And I said I wouldn’t do this, but if you really want to argue Irving over Lowry, consider this: Lowry has played six more games, has a higher field goal percentage, a higher three-point percentage, while also averaging more steals, assists, rebounds per game than Irving. Irving just edges him out in the scoring department, as he averages 23.7 points per game.

Keep in mind this is all happening for Lowry at the age of 30. He is having career year at an age when several players start to slow down, and lets remember that he was named an All-Star starter the past two years with inferior stats. The guy is hitting his peak in his eleventh year in the league

Now at the end of the day, none of this actually matters. Lowry will be voted in as a reserve and we’ll soon forget about this whole debacle. I think it’s  important to note that this situation speaks volume to the under appreciation fans (and apparently some media) have for a guy like Lowry’s game. The guard does everything for his team and helps them win consistently every year (the Raptors currently sit at second in the Eastern Conference with a 28-15 record).

One thing I won’t argue against, though, is the incredible amount of guard talent there is in the East. We are so lucky and we don’t even appreciate it.

About Me

Hello, my name is Evan Chronis and this is the introduction to my new blog. I am currently a junior at UNC-Chapel Hill majoring in and pursuing a degree in journalism (broadcast sequence).

This blog is something I’ve considered starting for about a year now, but has finally been kickstarted thanks to a new class I am enrolled in this semester titled, “The Branding of Me.” For this class, I will be blogging twice a week, for your enjoyment, about things that I will refer to later in this post.

First, I should offer you, the reader, a quick insight into my life. I am a native of south Charlotte (Weddington, to be exact) and came to UNC in Fall 2014. I came into school intending to pursue journalism in some fashion, and through that I have found a real passion for sports writing/reporting and have been pursuing it since my first semester in Chapel Hill.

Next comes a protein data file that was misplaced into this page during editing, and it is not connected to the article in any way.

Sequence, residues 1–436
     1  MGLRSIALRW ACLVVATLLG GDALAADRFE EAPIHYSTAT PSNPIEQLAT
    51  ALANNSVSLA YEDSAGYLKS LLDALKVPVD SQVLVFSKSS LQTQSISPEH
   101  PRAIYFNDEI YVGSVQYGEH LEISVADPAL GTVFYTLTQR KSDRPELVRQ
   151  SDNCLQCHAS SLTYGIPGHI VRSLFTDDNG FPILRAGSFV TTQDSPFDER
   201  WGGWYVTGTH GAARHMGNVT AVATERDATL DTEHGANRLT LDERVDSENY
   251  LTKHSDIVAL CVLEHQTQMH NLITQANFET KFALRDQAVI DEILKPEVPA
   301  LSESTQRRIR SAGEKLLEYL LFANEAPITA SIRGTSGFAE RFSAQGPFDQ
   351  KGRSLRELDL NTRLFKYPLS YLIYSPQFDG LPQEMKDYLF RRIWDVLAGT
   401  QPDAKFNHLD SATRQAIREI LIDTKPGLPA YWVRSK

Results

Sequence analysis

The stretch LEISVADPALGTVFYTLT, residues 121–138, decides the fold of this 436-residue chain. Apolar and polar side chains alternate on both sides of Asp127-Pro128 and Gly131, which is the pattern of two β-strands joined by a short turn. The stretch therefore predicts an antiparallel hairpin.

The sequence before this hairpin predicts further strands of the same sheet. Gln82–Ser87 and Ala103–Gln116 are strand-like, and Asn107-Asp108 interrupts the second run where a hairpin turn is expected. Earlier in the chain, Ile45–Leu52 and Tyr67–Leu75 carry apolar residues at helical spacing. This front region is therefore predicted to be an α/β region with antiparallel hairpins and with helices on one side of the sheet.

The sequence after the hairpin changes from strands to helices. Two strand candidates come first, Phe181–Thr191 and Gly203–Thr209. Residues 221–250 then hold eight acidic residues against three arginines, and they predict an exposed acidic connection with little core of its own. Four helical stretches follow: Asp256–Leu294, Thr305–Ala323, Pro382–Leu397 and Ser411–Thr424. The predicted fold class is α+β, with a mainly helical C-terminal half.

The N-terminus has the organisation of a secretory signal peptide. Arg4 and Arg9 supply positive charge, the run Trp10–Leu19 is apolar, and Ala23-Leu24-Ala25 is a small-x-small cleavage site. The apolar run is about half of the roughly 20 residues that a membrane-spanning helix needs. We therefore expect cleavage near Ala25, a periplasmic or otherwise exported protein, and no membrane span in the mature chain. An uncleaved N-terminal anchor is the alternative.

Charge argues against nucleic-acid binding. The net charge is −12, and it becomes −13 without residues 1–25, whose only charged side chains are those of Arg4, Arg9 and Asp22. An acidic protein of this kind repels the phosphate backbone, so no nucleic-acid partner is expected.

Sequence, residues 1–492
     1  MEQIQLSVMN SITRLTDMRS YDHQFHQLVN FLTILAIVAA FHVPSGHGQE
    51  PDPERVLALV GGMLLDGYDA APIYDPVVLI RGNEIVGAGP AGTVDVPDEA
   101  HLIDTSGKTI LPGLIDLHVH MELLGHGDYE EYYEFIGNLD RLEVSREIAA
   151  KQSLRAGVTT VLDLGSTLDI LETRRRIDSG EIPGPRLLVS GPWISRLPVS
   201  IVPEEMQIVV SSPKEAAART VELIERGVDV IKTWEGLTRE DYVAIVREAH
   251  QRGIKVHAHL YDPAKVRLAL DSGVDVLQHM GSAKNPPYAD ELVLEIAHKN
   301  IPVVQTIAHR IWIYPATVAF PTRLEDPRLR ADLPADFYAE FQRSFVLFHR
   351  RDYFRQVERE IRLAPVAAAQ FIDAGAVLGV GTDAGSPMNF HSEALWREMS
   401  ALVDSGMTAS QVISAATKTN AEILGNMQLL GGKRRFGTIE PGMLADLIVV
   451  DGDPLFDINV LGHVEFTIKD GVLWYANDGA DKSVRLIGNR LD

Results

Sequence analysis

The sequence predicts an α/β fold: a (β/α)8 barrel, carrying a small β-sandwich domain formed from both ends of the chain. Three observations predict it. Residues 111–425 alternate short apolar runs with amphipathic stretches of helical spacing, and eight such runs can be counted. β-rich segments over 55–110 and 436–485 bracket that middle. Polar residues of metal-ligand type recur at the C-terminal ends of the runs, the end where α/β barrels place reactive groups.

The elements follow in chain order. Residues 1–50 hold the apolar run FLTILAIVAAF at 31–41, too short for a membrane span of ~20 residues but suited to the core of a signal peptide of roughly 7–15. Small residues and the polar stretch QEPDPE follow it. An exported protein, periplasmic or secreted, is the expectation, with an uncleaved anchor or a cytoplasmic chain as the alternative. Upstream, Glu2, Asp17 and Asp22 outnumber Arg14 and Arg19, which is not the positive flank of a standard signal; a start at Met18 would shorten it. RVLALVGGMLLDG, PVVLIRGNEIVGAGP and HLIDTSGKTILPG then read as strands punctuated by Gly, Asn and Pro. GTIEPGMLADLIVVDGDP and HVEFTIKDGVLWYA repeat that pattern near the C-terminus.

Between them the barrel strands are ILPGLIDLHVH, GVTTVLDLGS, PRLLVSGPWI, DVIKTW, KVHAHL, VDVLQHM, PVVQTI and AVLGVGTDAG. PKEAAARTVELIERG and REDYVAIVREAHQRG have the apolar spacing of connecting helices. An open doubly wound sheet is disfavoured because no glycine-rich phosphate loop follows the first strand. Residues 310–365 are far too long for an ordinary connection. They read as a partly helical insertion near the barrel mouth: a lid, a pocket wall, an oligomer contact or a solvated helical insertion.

Currently, I am a writer/reporter for Inside Carolina, an independent new source covering UNC athletics, where I cover UNC’s football, men’s basketball, and baseball teams. I recently spent the summer of 2016 working as a reporting assistant for Black and Blue Review, a website covering the Carolina Panthers. Other experience includes two years covering UNC athletics for The Daily Tar Heel, writing a column about world soccer for The Sports Quotient, and covering high school athletics for the Carolina Weekly Newspaper Group.

As far as the near future goes, I will be covering the Boston Red Sox this summer as an Associate Reporter for MLB.com.

Now that all of that is out of the way, I can touch on what I hope to accomplish with this blog. So, if you haven’t been able to guess, I’m passionate when it comes to sports. Now that may seem like a very vague, blanket statement, but it’s one-hundred percent true. Sports are something I’ve always connected with and at a base level I believe sports are the best form of entertainment available. I’ve tweeted out multiple times the same thing after I watch a great game, and it’s this: “Sports are the purest form of storytelling.”

Now you can disagree with that statement, but please understand that that’s where I’m coming from.

I spend most of my time during work covering the teams I write about, but rarely offer up my opinions on any subject being covered. I hope to use this blog for some of the latter.

We live in an era where the “hot take” reigns supreme and television programs are centered around them. Everyone is doing their best to get noticed by saying the wildest things that their brain can conjure up, whether they believe it or not. I don’t plan to do that. I have opinions, and I plan to use this blog to share them. They may be random, I can’t predict that, but I can guarantee that they will be my real feelings on a subject. You may disagree with what I write, and I welcome that. And this won’t be all opinion pieces. I may write some days on things I say previously that I wanted to comment on.

I hope I explained my goals well, and if not, prepare for my first “official” post and you’ll get an idea for what I want this to be.

Thanks for reading and I hope you enjoy the content.